Doping in learning machines is the engineering of valence or bands, similar to electrons in a conductor or semiconductor, to create something with desired properties. This could be achieved by introducing impurities into a pure feed-forward network to bring the bands closer together, making it easier to train. The product of temperature and a material property, such as the band gap, is known as NP, which is maintained by interactions with photons. Additionally, impurities in a semiconductor can be thought of as a choice of true distribution from which data is drawn, biasing level sets closer to the true distribution. KL Divergence can be used to control the band structure by engineering either the true distribution or the model. A stochastic dispersion relation could also be considered, introducing additional stochastic terms to the energy.

Solid State Physics (SSP) is a science and engineering discipline that studies phases of matter with many strongly interacting components, such as crystals. It focuses on the geometry of the level sets of the energy function that maps momentum of electrons to some real number. This is similar to the behavior of a learning machine, which is determined by the change in the geometry of level sets. SSP is not reliant on sophisticated mathematics, and can be understood with Elementary observations.

Solid state physics is the study of the relationship between the geometry of a crystal lattice and its electrical, magnetic, optical and mechanical properties. Kittle is the standard textbook for this discipline and its eighth edition is available. Exploitation and design are two periods in the engineering of materials, with exploitation being the use of existing materials such as silicon and design being the engineering of exotic materials based on microscopic properties. Insulators, semiconductors and conductors are the three classes of materials. The level sets of the energy of electrons interacting with the lattice are used to predict the electrical properties of these materials.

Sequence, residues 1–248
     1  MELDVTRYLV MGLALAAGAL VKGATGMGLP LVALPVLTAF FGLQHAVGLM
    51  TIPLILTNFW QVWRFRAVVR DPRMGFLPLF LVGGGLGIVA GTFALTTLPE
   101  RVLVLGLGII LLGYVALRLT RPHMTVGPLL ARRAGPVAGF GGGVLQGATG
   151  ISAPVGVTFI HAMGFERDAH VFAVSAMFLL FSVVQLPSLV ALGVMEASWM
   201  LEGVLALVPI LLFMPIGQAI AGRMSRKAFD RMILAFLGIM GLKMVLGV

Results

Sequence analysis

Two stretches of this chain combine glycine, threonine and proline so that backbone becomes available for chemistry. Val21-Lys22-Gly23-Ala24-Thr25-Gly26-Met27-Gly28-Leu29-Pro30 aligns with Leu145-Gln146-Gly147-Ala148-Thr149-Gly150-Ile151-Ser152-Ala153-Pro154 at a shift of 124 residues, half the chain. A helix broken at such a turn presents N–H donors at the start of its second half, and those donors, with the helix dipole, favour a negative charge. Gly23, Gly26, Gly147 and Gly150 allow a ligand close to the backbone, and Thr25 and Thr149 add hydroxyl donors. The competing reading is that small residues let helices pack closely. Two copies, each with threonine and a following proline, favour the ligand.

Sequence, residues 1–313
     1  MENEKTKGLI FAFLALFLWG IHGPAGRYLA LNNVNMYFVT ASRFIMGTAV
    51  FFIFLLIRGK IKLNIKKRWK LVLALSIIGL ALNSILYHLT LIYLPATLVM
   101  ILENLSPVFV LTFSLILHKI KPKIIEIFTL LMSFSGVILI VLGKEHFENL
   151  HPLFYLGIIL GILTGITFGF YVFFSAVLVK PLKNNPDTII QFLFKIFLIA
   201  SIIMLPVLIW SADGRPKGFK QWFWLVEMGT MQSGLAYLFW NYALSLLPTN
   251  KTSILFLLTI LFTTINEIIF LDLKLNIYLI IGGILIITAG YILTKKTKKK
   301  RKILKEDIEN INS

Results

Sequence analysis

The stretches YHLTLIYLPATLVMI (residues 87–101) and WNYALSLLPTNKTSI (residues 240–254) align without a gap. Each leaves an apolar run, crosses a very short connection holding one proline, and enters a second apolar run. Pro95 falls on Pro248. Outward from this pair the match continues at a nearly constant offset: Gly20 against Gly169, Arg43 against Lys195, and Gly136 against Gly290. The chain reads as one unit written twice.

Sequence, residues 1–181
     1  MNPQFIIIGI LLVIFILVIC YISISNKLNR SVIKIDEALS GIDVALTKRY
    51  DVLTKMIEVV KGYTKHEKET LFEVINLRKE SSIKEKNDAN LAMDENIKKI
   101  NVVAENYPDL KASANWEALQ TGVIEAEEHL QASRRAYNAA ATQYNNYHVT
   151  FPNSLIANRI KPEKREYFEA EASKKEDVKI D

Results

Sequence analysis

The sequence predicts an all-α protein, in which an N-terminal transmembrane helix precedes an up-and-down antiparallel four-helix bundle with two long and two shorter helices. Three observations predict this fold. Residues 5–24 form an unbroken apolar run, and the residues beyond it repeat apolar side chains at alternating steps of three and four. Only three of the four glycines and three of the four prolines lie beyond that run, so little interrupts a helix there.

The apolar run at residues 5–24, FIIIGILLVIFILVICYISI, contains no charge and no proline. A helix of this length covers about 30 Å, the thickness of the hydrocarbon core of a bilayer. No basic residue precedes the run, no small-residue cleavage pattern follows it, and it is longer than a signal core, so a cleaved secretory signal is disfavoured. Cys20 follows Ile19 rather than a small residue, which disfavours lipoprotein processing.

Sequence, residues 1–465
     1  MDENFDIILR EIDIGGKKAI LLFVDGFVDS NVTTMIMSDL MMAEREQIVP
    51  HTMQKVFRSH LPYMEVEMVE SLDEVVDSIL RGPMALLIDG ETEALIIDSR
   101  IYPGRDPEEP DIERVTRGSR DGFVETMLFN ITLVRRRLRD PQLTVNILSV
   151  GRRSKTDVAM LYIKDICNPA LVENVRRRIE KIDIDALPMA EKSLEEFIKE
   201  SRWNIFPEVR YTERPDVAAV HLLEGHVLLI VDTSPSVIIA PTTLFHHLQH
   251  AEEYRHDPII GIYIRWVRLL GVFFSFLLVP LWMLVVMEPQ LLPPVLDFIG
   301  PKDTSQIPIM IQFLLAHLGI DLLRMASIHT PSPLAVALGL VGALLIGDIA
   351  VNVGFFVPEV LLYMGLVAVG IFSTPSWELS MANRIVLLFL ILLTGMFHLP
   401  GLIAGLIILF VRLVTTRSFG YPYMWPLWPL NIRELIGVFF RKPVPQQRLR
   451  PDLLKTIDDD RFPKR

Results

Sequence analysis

Electrons in materials exist in quantized energy levels that combine to form a continuum of energy states with gaps between them. This continuum of energy states is known as the band structure, and can be used to classify materials as insulators, inductors, or conductors. Insulators have a large gap between their highest and lowest energy levels, while inductors have a medium gap and conductors have a small gap. This gap can be altered by introducing impurities to the material, a process called doping. This can have global effects even though only a few atoms are changed, demonstrating how small changes can have large impacts.

Materials can be either insulators, semiconductors or conductors, depending on the energy band gap. Insulators have a large band gap of around 5 electron volts, meaning that an individual electron cannot jump from one band to another. Semiconductors have a smaller band gap of around 1 electron volt, allowing electrons to jump across with the help of an applied voltage. Conductors have no band gap, and electrons can easily move through the material. The band gap structure is what determines the type of material.